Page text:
This is a considerable improvement over pads over which use wood fiber fluff as the absorbent material, even when it is mixed with super-absorbent powder. In the fluff pads, the fibers are not connected and the water tends to puddle, sometimes interacting with the super-absorbent powder to develop a slime along the surface of the pad. The laminated barrier strips of the present pads prevent the water from going through, thereby eliminating the likelihood of hydraulic pressure from weight of the patient's body on the absorbent material forcing liquid through the backing layer to contaminate the air bed with which it is used.
Although there have been described hereinabove various specific arrangements of an underpad for incontinent patients in accordance with the invention for the purpose of illustrating the manner in which the invention may be used to advantage, it will be appreciated that the invention is not limited thereto. Accordingly, any and all modifications, variations or equivalent arrangements which may occur to those skilled in the art should be considered to be within the scope of the invention as defined in the annexed claims.
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|U.S. Classification||428/77, 5/484, 5/502, 428/153, 428/68, 428/76, 604/378, 604/379, 604/384, 5/487, 604/368, 428/154, 428/74|
|Cooperative Classification||Y10T428/239, A61F5/485, Y10T428/24463, Y10T428/24455, Y10T428/237, Y10T428/23|
|Feb 18, 1992||AS||Assignment|
Owner name: PAPER-PAK PRODUCTS, INC. A WA CORPORATION
Free format text: ASSIGNMENT OF ASSIGNORS INTEREST.;ASSIGNOR:LARSONNEUR, LIONEL M.;REEL/FRAME:006028/0225
Effective date: 19920217
|May 27, 1994||AS||Assignment|
Owner name: PAPER-PAK PRODUCTS, INC., CALIFORNIA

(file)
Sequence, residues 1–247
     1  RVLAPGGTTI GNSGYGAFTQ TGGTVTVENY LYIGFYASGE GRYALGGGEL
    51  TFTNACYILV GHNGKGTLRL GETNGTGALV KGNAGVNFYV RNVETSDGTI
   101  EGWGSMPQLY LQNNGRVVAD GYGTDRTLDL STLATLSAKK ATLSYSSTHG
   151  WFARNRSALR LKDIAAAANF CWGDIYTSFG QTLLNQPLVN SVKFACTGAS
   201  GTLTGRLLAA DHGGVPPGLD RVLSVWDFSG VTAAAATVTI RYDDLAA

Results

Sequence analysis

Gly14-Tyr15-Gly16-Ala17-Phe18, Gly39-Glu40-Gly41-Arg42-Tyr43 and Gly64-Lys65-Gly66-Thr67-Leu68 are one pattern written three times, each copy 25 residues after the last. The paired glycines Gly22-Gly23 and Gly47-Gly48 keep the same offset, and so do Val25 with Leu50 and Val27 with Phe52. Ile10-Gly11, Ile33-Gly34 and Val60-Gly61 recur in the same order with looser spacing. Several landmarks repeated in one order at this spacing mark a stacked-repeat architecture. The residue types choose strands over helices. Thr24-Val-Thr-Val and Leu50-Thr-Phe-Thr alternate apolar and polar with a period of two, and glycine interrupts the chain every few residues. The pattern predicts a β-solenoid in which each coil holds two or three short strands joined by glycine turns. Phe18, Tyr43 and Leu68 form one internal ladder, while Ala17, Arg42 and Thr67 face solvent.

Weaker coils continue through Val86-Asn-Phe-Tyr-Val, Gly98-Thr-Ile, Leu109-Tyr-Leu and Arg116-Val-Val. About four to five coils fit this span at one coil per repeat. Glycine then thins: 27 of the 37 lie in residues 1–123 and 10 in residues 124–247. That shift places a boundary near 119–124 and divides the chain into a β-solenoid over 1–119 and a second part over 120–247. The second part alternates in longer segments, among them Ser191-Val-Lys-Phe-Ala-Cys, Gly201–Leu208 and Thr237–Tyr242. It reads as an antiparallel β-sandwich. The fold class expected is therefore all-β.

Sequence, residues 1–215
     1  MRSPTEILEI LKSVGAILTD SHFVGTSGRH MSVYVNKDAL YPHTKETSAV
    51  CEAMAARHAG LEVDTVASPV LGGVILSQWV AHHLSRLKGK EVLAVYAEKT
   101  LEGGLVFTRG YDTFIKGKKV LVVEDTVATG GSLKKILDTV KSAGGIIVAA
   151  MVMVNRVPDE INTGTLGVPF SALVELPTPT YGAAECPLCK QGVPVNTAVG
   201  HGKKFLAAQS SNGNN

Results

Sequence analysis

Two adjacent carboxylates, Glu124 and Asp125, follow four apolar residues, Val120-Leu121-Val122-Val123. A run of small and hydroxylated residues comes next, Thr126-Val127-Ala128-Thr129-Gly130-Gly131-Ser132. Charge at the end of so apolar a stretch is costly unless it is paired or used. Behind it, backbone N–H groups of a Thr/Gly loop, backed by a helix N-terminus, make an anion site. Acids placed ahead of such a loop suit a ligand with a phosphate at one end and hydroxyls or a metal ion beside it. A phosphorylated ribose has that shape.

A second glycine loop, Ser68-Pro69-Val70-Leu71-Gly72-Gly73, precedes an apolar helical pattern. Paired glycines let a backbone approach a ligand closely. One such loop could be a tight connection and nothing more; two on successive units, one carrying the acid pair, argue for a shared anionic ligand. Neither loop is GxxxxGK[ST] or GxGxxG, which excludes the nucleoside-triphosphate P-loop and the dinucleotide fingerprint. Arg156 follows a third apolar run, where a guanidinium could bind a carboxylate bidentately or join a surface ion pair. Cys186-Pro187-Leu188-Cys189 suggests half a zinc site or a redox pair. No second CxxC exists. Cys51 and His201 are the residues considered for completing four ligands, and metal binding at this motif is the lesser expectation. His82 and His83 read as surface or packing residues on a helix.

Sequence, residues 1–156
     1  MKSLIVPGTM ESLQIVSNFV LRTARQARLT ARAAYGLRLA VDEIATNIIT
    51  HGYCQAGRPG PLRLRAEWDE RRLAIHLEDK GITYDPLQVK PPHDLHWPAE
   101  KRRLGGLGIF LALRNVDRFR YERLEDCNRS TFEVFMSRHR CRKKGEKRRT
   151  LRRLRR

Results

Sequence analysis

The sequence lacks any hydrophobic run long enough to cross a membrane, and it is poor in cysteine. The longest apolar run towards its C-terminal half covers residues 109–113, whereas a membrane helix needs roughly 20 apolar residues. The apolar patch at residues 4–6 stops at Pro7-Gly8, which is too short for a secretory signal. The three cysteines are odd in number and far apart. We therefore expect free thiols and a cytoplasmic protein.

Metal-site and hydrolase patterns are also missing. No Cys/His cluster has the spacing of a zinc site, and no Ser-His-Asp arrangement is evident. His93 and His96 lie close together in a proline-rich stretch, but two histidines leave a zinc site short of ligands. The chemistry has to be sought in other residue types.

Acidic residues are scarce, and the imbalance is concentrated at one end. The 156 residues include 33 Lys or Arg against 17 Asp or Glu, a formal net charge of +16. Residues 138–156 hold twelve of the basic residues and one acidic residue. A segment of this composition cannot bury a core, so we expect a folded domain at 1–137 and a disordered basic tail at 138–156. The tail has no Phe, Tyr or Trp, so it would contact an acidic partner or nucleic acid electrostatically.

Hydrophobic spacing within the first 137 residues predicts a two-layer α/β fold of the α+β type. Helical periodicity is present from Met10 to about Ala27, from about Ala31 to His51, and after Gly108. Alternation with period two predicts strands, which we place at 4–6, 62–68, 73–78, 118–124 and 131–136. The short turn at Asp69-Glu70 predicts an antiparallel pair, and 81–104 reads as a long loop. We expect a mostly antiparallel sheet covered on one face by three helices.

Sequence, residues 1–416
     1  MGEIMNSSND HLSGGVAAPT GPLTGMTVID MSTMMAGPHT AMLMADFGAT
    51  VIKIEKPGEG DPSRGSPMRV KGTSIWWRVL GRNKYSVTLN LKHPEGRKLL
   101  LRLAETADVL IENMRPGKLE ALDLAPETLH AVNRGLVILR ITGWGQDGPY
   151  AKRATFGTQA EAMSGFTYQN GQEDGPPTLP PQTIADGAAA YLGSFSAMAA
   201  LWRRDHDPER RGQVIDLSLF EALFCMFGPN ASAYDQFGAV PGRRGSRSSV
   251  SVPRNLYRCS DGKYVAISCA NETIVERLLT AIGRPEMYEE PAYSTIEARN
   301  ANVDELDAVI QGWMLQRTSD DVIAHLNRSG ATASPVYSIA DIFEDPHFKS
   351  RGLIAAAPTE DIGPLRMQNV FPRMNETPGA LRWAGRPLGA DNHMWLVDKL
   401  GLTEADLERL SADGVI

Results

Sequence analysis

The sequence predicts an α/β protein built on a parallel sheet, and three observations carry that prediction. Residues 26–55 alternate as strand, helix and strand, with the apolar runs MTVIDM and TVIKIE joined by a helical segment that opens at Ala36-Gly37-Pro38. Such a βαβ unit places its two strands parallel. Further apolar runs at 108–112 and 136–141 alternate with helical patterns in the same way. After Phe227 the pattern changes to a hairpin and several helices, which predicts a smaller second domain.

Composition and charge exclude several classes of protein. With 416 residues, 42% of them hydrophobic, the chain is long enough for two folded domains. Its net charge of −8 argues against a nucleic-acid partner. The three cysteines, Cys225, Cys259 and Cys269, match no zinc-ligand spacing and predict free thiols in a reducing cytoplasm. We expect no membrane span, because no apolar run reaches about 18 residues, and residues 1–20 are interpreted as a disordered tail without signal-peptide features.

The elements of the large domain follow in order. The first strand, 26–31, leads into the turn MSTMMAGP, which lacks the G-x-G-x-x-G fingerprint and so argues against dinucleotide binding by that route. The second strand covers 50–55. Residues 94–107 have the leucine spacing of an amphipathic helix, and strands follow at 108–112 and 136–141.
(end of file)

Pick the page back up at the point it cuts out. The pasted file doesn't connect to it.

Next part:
Free format text: MERGER;ASSIGNOR:PAPER-PAK PRODUCTS, INC., A WA CORPORATION;REEL/FRAME:006998/0583
Effective date: 19940427
|Apr 8, 1997||FPAY||Fee payment|
Year of fee payment: 4
|Jul 26, 1999||AS||Assignment|
Owner name: BANK OF AMERICA, N.A., NORTH CAROLINA
Free format text: SECURITY INTEREST;ASSIGNOR:PAPER-PAK PRODUCTS, INC.;REEL/FRAME:010113/0765
Effective date: 19990715
|Mar 19, 2001||FPAY||Fee payment|
Year of fee payment: 8
|Sep 10, 2002||AS||Assignment|
|Sep 13, 2002||AS||Assignment|
|Sep 16, 2002||AS||Assignment|
|Sep 18, 2002||AS||Assignment|
|Apr 22, 2005||FPAY||Fee payment|
Year of fee payment: 12
|Apr 22, 2005||SULP||Surcharge for late payment|
Year of fee payment: 11
|Apr 27, 2005||REMI||Maintenance fee reminder mailed|
|Feb 6, 2007||AS||Assignment|
Owner name: PAPERPAK PRODUCTS, INC., FORMERLY KNOWN AS USPP HO
Free format text: RELEASE BY SECURED PARTY;ASSIGNOR:WELLS FARGO BANK, NATIONAL ASSOCIATION ACTING THROUGH ITS WELLS FARGO BUSINESS CREDIT OPERATING DIVISION, AS SUCCESSOR BY MERGER TO WELLS FARGO BUSINESS CREDIT, INC.;REEL/FRAME:018855/0584
Effective date: 20070201
|Mar 2, 2007||AS||Assignment|
Owner name: WELLS FARGO BANK, NATIONAL ASSOCIATION, CALIFORNIA
Free format text: SECURITY AGREEMENT;ASSIGNOR:PAPERPAK PRODUCTS, INC.;REEL/FRAME:018951/0486
Effective date: 20070222
|Mar 31, 2010||AS||Assignment|
Owner name: WELLS FARGO BANK, NATIONAL ASSOCIATION,CALIFORNIA
Free format text: SECURITY AGREEMENT;ASSIGNOR:ATTENDS HEALTHCARE PRODUCTS, INC.;REEL/FRAME:024160/0660
Effective date: 20100330
Owner name: WELLS FARGO BANK, NATIONAL ASSOCIATION, CALIFORNIA
Free format text: SECURITY AGREEMENT;ASSIGNOR:ATTENDS HEALTHCARE PRODUCTS, INC.;REEL/FRAME:024160/0660
Effective date: 20100330
|Apr 1, 2010||AS||Assignment|
Owner name: REGIMENT CAPITAL SPECIAL SITUATIONS FUND IV, L.P.,
Free format text: GRANT OF SECURITY INTEREST;ASSIGNOR:ATTENDS HEALTHCARE PRODUCTS, INC.;REEL/FRAME:024170/0534
Effective date: 20100330